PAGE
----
Traffic Jam Writing

Traffic in Santa Cruz, California this summer is at an all time high.

Come to think of it, all down the coast of California it’s been horrendous.  It took a combined total of over 30 hours heading down and coming back from our San Diego vacation last month. We’d cruise along at first, then grind to a stop. Bumper cars occurred in San Luis Obispo, Santa Barbara, Valencia (by Six Flags Magic Mountain), Los Angeles, San Diego and back again. Unless you live in remote areas, you’ve probably experienced the same.

At one point, after about three hours of stop and go, our nine year old son asked “Why do all the cars keep stopping? Why don’t they just keep driving? Then there wouldn’t be a problem!”

Simple, right?

Writing this week has been like the traffic in California.

The ramp looks clear, I press the gas and charge ahead to “enter the motorway” (said with the British accent of a woman on my husband’s GPS) only to apply the brake as I see the 15 mph crowd of cars. Then, within a few miles, the pace increases, a great fast-lane speed is attained, and I feel certain I will make my destination on time…for a few miles. Seeing red lights in the distance causes my heart to slump. After a half hour of rush and slow, I take my foot off the gas again with a frustrated WHAT NOW? I think about my son’s question. How simple the solution seems.

Why do (does) the cars (the writer) keep stopping?

Why doesn’t she just keep writing????

The entrance to my writing freeway looked clear at the start of the week. I accomplished a lot in the first couple of days. Brendan’s writing surplus has made up for my lack, and I could barely edit, insert his work and edit some more before he sent me the next email attachment. Encouraged by the progress, I typed away and caught up to him, shut down on time for a change and got in my eight hours of sleep. The next day I headed to the library to work away from home in an attempt to focus and finish my editing. But, between the time I arrived in the library parking lot and actually started work inside, life’s traffic standstill took two hours. I fielded unexpected phone calls, text message questions, and my computer battery inexplicably went into crisis mode and quit. So much for the idea of getting away from home to be more productive writing!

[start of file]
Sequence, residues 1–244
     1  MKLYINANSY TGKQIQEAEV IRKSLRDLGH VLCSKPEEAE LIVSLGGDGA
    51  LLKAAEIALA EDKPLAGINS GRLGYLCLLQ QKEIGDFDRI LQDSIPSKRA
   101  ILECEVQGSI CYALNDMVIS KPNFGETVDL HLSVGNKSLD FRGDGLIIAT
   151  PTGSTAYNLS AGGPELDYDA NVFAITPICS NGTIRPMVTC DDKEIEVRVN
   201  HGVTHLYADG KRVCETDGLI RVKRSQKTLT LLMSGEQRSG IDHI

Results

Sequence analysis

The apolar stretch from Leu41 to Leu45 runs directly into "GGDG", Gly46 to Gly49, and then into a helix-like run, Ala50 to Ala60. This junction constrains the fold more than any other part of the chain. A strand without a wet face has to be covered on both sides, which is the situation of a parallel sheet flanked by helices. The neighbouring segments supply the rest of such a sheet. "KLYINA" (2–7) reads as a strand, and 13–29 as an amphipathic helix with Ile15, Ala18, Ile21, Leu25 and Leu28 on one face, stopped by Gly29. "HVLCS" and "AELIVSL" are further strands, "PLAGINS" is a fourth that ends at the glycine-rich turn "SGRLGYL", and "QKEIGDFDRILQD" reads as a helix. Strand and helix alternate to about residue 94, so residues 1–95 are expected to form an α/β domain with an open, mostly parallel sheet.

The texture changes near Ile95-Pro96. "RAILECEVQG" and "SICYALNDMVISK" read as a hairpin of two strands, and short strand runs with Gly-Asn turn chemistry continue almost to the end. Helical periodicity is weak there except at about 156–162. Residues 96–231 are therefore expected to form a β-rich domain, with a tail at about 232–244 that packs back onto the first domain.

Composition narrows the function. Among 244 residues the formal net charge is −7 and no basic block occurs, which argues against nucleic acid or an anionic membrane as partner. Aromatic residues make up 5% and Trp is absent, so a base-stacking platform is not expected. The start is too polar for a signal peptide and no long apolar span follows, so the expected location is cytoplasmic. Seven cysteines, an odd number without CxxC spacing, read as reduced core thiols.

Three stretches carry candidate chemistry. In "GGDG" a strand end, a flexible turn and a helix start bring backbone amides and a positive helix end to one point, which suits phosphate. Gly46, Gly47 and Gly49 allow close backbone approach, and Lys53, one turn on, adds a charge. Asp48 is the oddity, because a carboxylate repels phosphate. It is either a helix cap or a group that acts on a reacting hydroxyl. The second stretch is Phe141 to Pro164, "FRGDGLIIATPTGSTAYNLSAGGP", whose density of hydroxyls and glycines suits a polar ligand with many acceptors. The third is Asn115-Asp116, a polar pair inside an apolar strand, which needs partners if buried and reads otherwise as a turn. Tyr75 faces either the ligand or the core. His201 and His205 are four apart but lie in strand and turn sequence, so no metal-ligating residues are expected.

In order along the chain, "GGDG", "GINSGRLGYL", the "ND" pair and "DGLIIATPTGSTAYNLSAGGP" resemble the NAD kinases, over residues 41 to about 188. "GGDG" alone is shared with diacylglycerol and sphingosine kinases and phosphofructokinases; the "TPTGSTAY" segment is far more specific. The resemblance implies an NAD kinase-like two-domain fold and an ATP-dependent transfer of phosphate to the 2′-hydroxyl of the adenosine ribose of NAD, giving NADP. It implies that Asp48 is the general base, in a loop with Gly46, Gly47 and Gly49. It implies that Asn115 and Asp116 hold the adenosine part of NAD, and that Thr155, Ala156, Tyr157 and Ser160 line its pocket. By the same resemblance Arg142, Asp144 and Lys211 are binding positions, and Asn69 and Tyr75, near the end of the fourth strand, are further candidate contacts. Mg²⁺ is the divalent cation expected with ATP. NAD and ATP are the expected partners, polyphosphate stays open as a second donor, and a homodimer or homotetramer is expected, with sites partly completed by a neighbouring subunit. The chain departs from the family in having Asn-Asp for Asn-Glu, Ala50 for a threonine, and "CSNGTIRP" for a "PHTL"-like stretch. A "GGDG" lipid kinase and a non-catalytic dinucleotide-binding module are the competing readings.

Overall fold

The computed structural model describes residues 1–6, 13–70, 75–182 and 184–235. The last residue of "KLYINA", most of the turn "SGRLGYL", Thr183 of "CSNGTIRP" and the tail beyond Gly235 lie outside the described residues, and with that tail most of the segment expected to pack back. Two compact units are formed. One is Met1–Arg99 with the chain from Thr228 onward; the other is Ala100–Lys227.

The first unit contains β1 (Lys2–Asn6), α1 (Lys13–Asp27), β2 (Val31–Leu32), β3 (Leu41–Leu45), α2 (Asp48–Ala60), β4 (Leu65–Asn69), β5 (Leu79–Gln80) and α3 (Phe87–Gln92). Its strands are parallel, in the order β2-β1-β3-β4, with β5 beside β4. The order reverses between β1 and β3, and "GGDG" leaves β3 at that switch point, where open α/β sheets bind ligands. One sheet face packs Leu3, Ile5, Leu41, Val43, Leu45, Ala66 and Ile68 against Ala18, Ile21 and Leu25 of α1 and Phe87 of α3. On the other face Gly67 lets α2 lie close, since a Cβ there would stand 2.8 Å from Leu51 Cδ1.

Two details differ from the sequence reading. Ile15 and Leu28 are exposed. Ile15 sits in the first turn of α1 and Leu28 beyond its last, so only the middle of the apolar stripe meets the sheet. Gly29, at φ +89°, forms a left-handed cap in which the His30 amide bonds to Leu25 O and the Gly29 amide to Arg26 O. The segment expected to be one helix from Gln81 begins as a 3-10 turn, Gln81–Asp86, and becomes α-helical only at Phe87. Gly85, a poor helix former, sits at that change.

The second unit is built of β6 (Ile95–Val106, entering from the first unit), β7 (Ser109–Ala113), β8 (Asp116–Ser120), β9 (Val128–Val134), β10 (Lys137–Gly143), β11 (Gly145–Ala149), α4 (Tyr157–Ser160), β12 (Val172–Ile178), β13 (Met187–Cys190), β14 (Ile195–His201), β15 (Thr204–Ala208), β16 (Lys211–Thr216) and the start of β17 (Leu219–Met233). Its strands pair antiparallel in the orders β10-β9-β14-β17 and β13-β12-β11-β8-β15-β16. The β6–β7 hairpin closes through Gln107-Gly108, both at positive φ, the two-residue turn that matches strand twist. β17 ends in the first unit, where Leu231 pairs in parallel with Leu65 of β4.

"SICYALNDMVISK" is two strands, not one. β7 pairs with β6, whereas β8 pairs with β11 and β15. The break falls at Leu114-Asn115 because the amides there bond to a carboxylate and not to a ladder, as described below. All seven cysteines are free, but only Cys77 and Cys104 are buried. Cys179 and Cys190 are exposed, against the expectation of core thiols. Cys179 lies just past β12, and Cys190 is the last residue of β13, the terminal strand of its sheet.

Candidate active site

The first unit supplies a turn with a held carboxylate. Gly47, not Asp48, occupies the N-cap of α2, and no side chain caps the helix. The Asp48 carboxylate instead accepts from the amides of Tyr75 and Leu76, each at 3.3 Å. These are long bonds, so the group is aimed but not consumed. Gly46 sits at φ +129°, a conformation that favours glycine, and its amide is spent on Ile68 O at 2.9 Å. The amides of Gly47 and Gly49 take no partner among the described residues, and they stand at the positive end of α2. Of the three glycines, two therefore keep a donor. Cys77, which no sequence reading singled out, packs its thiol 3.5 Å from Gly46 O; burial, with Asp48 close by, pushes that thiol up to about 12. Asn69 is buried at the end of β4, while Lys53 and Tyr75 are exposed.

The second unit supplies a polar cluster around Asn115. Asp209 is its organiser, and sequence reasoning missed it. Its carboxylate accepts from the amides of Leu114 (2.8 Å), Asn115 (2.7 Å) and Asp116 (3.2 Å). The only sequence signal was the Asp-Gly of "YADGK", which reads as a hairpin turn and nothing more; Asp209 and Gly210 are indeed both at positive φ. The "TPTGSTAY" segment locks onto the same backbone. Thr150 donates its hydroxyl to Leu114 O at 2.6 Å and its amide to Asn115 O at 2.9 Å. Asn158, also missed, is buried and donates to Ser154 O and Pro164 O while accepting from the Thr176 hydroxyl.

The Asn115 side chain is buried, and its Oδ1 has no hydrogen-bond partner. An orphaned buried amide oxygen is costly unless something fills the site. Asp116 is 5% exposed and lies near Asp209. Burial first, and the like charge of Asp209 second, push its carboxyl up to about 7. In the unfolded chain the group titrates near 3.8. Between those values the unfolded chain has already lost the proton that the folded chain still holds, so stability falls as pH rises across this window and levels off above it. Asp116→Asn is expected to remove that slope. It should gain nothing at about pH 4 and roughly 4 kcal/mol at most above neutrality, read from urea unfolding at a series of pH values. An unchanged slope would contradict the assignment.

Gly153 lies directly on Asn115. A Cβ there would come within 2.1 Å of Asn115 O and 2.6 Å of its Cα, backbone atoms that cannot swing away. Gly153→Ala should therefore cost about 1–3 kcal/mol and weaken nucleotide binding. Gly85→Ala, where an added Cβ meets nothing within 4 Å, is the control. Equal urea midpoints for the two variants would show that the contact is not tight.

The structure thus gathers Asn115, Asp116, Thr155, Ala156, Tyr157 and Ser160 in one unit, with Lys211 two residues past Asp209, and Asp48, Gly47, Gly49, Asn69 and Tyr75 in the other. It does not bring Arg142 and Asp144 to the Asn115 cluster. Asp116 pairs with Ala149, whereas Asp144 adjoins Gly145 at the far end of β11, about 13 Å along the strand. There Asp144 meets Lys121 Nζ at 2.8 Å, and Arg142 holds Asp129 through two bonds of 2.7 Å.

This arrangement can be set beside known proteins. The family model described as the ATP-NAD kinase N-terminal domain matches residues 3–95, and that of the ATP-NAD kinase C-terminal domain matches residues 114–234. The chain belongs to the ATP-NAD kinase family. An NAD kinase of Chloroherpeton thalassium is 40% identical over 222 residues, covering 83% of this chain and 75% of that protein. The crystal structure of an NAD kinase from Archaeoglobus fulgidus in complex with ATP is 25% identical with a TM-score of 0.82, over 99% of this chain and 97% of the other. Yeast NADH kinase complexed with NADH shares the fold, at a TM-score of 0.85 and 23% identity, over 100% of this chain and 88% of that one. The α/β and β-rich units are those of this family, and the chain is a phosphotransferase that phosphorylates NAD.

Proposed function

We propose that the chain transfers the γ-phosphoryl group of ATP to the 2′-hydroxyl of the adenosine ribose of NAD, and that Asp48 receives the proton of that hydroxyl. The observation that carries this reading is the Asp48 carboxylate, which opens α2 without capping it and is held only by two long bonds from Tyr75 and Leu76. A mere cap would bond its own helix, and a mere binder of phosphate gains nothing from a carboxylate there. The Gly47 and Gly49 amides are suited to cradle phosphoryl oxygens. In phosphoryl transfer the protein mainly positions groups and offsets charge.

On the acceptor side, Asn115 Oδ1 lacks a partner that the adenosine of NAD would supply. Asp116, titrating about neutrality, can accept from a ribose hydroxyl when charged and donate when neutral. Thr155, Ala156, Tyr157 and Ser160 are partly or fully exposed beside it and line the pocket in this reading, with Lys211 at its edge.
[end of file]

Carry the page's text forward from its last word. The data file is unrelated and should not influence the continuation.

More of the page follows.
Most of the time when traffic piles up, I look for a side street alternative. Did I mention that currently, where I live, not only the freeway, but all those alternate routes are under construction? Doesn’t leave much option besides sitting in the traffic jam or staying home. One way gets me somewhere, the other simply postpones the trip.

Today, when the biggest jam of all took place (five hours of trying to find and book a hotel for an impromptu getaway next week to plan our schedule–the irony is not lost on me!), I thought about the correlation of writing, distractions and the stop and go of a congested highway.

If I want to get to my destination, I MUST keep driving. 

Or writing. Sometimes the going will move along at a fantastic pace, and I’ll revel in the progress. Other times, I’ll creep along and watch minutes tick by in hours as if I’m a lady bug crossing the length of a football field. The truth is that both are moving forward. It’s my mind and heart that get into a jam and want to postpone the trip.

What brings you to a standstill? How do you keep yourself moving forward? Are you in a jam?







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